Unexpectedly, the authors found some evidence that PSTs felt less prepared in Instruction the more that CTs reported allowing PSTs to make their own instructional decisions.
Coaching (PST Perspective): Do the Kinds of Coaching That PSTs Report Receiving Predict PSTs’ Perceptions of Preparedness to Teach?
Although CTs’ reports about the coaching they provided PSTs were mostly unrelated to PSTs’ self-perceived preparedness, PSTs’ reports of the coaching they received were consistently positively and significantly predictive.
The more positively that PSTs perceived their CTs’ coaching practices— in terms of Domain-Specific Instructional Support, Frequency and Adequacy of Feedback, Autonomy and Encouragement, Collaborative Coaching, and Job Assistance—the better prepared they felt to teach across instructional domains.
In this study, the authors take a districtwide look at the type of mentoring CTs provide through the lenses of being an exemplary model of instruction for PK-12 students and being a coach who is intentionally targeting the growth and ongoing development of the PST.
In doing so, they begin to advance measurable conceptions of two key roles of a CT—as a model of effective teaching and a coach who is attending to the growth and development of their PST.
In the end, they find evidence that aspects of both roles contribute positively to PSTs feelings of preparedness to teach at the end of their preparation.
Most surprising, perhaps, in their findings, is that frequently called upon qualifications such as CTs’ tenure, years of teaching experience, National Board Certification, and degree status, as well as VAM scores, were unrelated to PSTs’ feelings of preparedness.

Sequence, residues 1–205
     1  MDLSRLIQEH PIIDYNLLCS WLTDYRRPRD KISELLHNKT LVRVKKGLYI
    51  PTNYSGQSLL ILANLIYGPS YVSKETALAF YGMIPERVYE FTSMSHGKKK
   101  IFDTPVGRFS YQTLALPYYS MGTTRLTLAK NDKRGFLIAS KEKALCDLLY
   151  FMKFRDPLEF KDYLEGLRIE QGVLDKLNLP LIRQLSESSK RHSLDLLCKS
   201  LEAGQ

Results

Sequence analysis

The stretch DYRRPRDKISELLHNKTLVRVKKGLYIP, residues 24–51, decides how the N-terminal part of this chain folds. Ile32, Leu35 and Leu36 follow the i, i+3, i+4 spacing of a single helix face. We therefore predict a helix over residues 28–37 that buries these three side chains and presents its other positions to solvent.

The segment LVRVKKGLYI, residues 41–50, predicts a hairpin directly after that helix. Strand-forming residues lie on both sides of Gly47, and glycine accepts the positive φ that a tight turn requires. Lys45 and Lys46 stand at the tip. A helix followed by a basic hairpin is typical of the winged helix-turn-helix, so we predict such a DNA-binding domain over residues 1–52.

These findings are in stark contrast to most current policies being advocated for CT selection.
That said, observation-based, more direct measures (PSTs’ perceptions of CTs’ instructional effectiveness and CT observation ratings) were associated with PSTs’ perceptions of readiness.
This is the first direct evidence suggesting that PSTs feel better prepared when their CTs are rated as exemplary instructors using observational data.
As with the CT as model analyses, the authors find that whether or not CT coaching predicts PSTs’ perceptions of preparedness depended upon the measure used.
Rather than varying based on a given facet of coaching, what mattered most seemed to be whose perspective was represented; specifically, PSTs’ feelings of preparedness were positively related to their own perceptions of the coaching they received but were mostly unrelated to CTs’ perceptions of the coaching they reported providing.
PSTs felt better prepared across instructional domains when they reported that their CTs provided stronger domain-specific instructional support, more frequent and adequate feedback, higher levels of autonomy and encouragement, stronger collaborative coaching, and better job assistance.
On the contrary, CTs’ self-perceptions of many of these same facets of coaching were mostly unrelated to PSTs’ feelings of preparedness.
The authors note that a central implication is that efforts to recruit CTs who can model effective teaching and who are effective coaches both have some merit.
However, individuals who are responsible for recruiting CTs should be discriminating about the criteria they use.
When identifying CTs who can serve as effective models, they should consider more direct, observation-based measures of CTs’ instructional quality as opposed to professional qualifications or VAM scores alone. When identifying effective coaches, they should consider PSTs’ evaluations more than CTs’ self-evaluations.
Aspects of both CT as model and coach matter.